It’s Advent and this means so many things. Firstly it means Maddy Prior and the Carnival Band and my Latin Christmas album, “Feliz Navidad”. But it also means it’s time to get going with all those wonderful Christmas bakes and that always starts on the 1st December with gingerbread dough that I can leave in the fridge overnight so that I can make Lebkuchen. Those delicious soft gingerbread hearts with apricot jam n the centre and coated in a white icing glaze. This year with the new plant based diet I was looking forward to recreating these German treats without any eggs. Would a egg replacement work in the dough? Yeah of course it does. So I have made these as plant based but to make them vegan just replace the honey with golden syrup. I do my glazer with lime juice but last year I managed to get hold of fresh bergamots which added a really wonderful aroma and bitter edge to contrast the sweet molasses dough.

This wonderful dough can also be used to make gingerbread houses. Just plan out your house panels like a flat pack and cut the rolled dough to shape. It Is essential that you roll them a little thicker for constructing houses. For this blog and because I like to gift the first batch to friends and neighbours I have made double the dough. I’ve started to meet and chat with many new wonderful people since I moved and started my depression confessions and so today I cycled out armed with oven fresh, glittery hearts to share.


Gingerbread Dough

1 egg equivalent
150g soft dark brown or molasses sugar
200g honey or golden syrup
200g black treacle
435g plain flour
1/2 teaspoon bicarbonate of soda
2 tsp ground ginger
2 tsp ground nutmeg
2 tsp ground cinnamon
1 tsp ground cloves
1 tsp ground allspice
30g cocoa powder 

Apricot or Damson Jam


1 egg white, beaten
1 tablespoon lemon juice
1/2 teaspoon lemon zest
190g sifted icing sugar

Edible glitter spray

Cooking Instructions

In a small bowl whisk the egg replacement until it begins to thicken and stiffen. If you cannot buy an egg replacement then use half a teaspoon each of potato starch and tapioca starch with two tablespoons of water.

Transfer to a large bowl and add the brown sugar and honey and beat until smooth. Stir in the black treacle. I know treacle makes a stick mess but if you just let it get all down the tin and then seal with the lid it is easy to wash it off under a running hot tap.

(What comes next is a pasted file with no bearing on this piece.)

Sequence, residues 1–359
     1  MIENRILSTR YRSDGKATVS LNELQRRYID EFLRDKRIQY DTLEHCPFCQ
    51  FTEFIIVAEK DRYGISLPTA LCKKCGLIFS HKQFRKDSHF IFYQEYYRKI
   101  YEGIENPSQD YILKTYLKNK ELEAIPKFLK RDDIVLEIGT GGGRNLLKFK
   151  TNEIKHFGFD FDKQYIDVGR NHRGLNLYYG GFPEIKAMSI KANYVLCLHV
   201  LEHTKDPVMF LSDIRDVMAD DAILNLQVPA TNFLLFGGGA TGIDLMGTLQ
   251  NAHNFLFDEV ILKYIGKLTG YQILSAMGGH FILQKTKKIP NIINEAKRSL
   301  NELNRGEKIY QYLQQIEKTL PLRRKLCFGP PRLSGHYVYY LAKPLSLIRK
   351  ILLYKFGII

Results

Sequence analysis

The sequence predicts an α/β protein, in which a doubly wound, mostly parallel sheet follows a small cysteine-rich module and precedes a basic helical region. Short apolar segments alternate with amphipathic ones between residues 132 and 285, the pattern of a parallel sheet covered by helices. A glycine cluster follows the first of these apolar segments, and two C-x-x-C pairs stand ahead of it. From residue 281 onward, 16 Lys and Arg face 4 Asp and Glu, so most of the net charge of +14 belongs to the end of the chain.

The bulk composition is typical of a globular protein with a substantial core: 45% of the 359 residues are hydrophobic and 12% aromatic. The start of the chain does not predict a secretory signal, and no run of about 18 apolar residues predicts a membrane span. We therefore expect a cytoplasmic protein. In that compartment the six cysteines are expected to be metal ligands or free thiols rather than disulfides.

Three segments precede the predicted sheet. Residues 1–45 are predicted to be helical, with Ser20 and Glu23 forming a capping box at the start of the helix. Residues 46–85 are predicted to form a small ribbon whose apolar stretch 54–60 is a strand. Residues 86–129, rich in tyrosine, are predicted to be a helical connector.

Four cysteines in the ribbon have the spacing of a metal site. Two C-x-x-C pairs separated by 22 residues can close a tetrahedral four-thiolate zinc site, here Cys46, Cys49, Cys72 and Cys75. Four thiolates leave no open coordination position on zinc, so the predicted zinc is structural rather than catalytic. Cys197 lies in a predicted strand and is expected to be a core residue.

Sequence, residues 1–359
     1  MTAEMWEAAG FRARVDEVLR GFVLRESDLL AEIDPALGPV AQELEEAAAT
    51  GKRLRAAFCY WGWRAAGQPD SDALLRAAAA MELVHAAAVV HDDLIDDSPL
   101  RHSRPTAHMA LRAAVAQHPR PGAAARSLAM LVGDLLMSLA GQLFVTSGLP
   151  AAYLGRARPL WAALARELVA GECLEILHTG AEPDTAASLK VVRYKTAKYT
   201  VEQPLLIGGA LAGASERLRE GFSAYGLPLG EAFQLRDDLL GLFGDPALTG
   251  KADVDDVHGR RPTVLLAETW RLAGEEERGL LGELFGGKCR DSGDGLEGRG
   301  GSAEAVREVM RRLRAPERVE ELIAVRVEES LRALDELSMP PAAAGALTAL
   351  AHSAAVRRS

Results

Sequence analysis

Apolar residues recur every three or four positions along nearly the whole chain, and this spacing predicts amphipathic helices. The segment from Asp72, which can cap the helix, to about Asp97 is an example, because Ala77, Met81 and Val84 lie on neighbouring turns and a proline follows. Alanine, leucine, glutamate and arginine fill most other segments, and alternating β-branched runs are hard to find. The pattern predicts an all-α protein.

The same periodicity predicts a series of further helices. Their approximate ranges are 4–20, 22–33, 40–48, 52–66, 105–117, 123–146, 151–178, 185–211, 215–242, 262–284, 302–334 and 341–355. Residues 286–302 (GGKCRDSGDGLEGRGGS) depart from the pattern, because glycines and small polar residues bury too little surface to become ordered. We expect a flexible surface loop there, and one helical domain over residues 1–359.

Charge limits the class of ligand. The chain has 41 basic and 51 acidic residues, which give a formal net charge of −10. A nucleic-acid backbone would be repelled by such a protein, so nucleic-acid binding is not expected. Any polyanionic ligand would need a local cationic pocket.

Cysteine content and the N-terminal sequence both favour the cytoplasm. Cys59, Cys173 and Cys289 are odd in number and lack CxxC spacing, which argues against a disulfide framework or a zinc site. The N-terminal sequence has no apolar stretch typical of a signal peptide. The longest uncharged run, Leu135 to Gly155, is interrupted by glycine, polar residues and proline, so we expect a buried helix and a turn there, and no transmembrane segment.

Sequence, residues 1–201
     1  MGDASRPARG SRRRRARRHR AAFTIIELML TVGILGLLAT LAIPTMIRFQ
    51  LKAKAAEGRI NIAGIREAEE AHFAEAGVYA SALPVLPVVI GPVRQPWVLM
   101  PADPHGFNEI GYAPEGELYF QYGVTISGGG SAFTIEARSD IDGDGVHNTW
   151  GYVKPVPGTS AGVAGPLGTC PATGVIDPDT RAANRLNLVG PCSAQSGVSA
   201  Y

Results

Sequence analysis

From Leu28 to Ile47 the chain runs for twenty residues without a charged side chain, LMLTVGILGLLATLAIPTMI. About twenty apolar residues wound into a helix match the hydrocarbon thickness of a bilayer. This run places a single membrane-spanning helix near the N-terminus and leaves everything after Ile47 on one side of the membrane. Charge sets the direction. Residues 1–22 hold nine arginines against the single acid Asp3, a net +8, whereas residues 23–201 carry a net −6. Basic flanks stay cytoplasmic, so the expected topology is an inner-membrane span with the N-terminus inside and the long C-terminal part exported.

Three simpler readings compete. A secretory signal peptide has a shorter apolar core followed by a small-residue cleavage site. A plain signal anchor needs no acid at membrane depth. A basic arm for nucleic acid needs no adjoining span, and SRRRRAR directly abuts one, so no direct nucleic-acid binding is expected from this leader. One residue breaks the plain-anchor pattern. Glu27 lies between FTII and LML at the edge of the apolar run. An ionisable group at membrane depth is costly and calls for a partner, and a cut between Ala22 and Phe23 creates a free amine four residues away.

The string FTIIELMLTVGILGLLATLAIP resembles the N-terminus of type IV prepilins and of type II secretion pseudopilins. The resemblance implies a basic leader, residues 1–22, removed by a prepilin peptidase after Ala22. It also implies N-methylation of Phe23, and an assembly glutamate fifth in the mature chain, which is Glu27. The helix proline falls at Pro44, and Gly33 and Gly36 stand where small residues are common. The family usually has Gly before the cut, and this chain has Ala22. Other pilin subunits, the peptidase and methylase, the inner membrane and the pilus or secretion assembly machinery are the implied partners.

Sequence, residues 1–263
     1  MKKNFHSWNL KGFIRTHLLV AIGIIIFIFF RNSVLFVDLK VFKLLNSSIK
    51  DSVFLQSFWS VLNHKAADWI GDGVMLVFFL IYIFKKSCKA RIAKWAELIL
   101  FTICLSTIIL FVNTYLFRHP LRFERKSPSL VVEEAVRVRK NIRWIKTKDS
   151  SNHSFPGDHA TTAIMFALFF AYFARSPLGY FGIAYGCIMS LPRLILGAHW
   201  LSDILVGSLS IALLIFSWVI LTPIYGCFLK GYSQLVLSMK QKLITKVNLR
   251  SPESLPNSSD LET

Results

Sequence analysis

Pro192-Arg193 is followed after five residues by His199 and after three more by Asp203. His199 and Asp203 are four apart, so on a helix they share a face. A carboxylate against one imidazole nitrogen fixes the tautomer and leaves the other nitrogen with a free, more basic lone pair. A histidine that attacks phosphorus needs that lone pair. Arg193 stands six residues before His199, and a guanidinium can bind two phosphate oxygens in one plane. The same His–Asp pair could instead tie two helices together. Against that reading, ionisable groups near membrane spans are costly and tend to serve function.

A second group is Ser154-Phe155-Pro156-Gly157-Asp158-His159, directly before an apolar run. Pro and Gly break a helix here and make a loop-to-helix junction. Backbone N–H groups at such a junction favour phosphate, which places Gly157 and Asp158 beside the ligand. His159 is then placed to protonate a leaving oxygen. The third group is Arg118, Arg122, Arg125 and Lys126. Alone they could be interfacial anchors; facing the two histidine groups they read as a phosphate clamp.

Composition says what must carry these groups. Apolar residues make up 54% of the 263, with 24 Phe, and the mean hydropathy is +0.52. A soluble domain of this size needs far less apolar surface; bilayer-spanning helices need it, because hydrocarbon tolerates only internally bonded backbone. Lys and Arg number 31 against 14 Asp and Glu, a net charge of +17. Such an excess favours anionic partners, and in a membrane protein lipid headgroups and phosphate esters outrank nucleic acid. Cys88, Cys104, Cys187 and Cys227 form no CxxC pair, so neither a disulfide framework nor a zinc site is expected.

In a separate bowl combine the flour, baking soda, ginger, nutmeg, cinnamon, cloves and allspice and then stir into the molasses mixture.

Cover or wrap dough, and chill overnight. It will soften and become shiny while it rests overnight.

Grease baking sheets. On a work surface floured with icing sugar, roll small amounts of the dough out to 1/4 inch thick and cut into hearts. This dough is very sticky and you will need to keep moving the dough and dusting with more icing sugar. This is why it is better to use small pieces.

Use a spatula knife to keep the dough from sticking hard and tearing as you keep dusting the work surface.

Keep the hearts quite close together but remember that they will grow a little.

Once you have filled the sheets with the hearts spoon a small dollop of jam onto each heart. Traditionally it is apricot jam but I adore using homemade damson jam but I haven’t been lucky enough to get my mitts on any damsons for the last two years!

Now begin rolling out the  remaining dough to create the lids. Cover with the second hearts and gently press together. I don’t preheat the oven until I’m pressing the lids on. 180C for fan ovens. 350F or gas mark 4.

Bake for 10 to 12 minutes. They will look lighter once cooked but they will still feel soft to the touch.

While they are baking mix up the second egg replacement and then add the lime zest, juice and icing sugar to make the glaze. This glaze has to be painted on as soon as the baked gingerbread hearts come out of the oven. Generously brush the cookies with the glaze. I do this twice.

For an extra festive touch spray with a sheen of gold or silver edible cake decoration. This year I chose silver glitter and they look beautifully frosty.

They improve with age if you can resist eating them all immediately. I can’t resist eating then all as soon as the glaze has hardened. What a plant based pig I am.

4 Replies to “gingerbread – advent essential

    1. They are. So sparkly too like frost. Wish I could send one through the screen to you.

  1. This morning I had the pleasure of Russell dropping me off a few of these bad boys and I pretty much ate them as soon as I closed the front door. So delicious, proper taste of Christmas that was!

    1. Well they always seem like something we make together so it would be rude not to share them with you. Let’s make more soon. Yum yum

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